One of Australian poet Mary Gilmore’s poems is called The Saturday Tub. The poem is a nostalgic look at childhood. The writer, dreaming by the fire, is thrown back “where I used to be in eighteen hundred and something three”.
The children line up to take their turn in front of a bath the size of a churn.
It was, “where's the flannel?" and, "Mind the soap!" Slither and slide, and scuffle and grope. Clean, they are dried, dressed in a night dress and packed of to bed.
Today, we take a hot shower for granted, a necessity to get our day started. We forget how recent this is. Perhaps we only learn this when people start reminiscing.
A hot shower or bath is actually a complex process. It requires water, a way of heating and transporting the water, a way of disposing of the wastewater.
In most of the early towns of New England and Southern Queensland water came from local streams, from wells, from the sky as rain stored in tanks.
At Hillgrove where water was always short, run-off from Bracken Street carried filth and rubbish accumulated from homes and businesses down the ridge to form putrid pools.
At Inverell, the shallower town cesspits polluted the deeper water wells. Disease and death resulted.
The newly formed but short-of-funds municipal councils looked to improve the situation. In Armidale, the council first developed a well in the market square, but was then forced to look for a bigger solution. The result was the Dumaresq Dam and the first municipal water supply in 1897.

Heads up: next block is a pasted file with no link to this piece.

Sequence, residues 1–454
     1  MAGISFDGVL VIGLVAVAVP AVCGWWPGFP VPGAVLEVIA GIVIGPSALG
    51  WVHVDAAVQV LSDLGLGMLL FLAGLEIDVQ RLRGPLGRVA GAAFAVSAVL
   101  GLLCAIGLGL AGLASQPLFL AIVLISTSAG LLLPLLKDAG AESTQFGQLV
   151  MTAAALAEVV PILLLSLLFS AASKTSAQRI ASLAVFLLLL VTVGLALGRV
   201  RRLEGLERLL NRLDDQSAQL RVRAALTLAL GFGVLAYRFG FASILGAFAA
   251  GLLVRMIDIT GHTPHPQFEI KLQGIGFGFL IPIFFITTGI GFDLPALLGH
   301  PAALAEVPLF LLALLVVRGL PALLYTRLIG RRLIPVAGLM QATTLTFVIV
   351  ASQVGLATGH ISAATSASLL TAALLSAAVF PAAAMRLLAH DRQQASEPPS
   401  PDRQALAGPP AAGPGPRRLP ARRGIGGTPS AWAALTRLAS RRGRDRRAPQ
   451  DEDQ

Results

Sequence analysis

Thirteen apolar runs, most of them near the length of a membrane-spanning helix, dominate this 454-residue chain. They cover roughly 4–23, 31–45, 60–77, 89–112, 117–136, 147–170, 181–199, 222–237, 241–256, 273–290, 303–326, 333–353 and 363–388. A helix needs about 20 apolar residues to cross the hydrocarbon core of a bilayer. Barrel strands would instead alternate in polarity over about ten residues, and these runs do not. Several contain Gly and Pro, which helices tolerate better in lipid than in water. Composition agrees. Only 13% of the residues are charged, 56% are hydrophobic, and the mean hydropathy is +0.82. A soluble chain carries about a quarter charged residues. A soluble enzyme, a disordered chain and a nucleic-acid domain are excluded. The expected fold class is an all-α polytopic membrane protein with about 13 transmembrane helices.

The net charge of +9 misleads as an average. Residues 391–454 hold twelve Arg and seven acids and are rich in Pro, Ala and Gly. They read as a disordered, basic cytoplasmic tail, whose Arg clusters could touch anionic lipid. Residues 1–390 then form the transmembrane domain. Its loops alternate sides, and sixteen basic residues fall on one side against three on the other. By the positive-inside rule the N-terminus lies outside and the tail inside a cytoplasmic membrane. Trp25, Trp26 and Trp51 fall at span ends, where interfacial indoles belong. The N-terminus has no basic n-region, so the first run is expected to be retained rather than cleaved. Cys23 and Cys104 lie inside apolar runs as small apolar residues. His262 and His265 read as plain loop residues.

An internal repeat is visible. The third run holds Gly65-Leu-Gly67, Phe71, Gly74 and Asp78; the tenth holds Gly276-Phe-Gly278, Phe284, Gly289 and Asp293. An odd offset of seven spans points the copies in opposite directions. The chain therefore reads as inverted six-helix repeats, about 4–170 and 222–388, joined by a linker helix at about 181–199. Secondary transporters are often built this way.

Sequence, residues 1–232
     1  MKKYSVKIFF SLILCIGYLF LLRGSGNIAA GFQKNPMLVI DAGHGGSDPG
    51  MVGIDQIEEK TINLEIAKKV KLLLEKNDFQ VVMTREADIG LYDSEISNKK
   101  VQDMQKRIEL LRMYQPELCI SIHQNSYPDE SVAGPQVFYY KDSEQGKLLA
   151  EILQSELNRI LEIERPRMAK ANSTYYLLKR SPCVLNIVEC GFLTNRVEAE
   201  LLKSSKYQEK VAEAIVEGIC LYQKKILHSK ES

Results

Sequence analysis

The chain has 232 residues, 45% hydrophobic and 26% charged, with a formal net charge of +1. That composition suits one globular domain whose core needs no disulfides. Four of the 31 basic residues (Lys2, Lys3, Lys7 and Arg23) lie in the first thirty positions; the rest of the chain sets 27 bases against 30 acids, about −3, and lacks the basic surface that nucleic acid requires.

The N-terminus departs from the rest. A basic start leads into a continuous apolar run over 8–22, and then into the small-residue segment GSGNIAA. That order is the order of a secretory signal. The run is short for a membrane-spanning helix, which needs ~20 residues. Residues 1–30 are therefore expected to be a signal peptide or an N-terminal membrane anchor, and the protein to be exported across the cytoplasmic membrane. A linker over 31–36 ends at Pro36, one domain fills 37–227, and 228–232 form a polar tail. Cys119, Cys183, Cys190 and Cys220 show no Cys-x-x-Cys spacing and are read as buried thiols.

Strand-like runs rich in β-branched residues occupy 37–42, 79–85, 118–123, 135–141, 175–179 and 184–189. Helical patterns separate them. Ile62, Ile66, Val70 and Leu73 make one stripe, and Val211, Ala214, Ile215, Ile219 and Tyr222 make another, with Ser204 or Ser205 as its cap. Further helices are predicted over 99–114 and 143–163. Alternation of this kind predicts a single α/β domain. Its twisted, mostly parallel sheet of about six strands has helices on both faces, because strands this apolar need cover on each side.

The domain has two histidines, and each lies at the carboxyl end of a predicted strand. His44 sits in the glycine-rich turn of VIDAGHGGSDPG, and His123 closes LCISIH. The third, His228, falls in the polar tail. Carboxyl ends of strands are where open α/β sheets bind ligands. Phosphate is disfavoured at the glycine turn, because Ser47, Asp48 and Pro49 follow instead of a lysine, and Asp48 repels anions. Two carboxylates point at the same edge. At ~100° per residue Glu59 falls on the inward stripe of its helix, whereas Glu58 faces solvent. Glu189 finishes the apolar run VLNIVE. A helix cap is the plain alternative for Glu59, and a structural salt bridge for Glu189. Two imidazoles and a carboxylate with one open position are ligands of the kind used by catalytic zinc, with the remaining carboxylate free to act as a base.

Glen Innes was slower, developing a scheme to pump water from the river in 1918.
Other towns came along in their own way and at their own pace, with water supply depending upon the precise geography and funds. Outside the towns, the small settlements and farming properties remained dependent on tanks, dams and streams.
First gas and then electricity did spread, but the process was slow and variable. Wood remained the dominant fuel for cooking and heating.
As late as the early 1950s, some houses in Armidale still had no electricity nor access to town water. Other towns were in a similar position.
At Marsh Street in Armidale where I grew up, we had both electricity and town water. However, wood was still our main fuel. The house well had been filled in, but we had two big tanks, one providing water to the house, the other to the out-door laundry with its big copper and the garden.
In my next column, I will share with you some of the nostalgic memories of the days before hot showers.
Jim Belshaw’s email is firstname.lastname@example.org. He blogs at newenglandaustralia.blogspot.com.au and newenglandhistory.blogspot.com.au